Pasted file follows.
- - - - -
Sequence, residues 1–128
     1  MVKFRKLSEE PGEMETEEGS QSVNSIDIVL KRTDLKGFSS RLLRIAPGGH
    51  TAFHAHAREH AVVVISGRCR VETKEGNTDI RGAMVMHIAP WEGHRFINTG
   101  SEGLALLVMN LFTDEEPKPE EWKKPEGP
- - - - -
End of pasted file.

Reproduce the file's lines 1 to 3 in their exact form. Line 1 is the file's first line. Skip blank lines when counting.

Sequence, residues 1–128
     1  MVKFRKLSEE PGEMETEEGS QSVNSIDIVL KRTDLKGFSS RLLRIAPGGH
    51  TAFHAHAREH AVVVISGRCR VETKEGNTDI RGAMVMHIAP WEGHRFINTG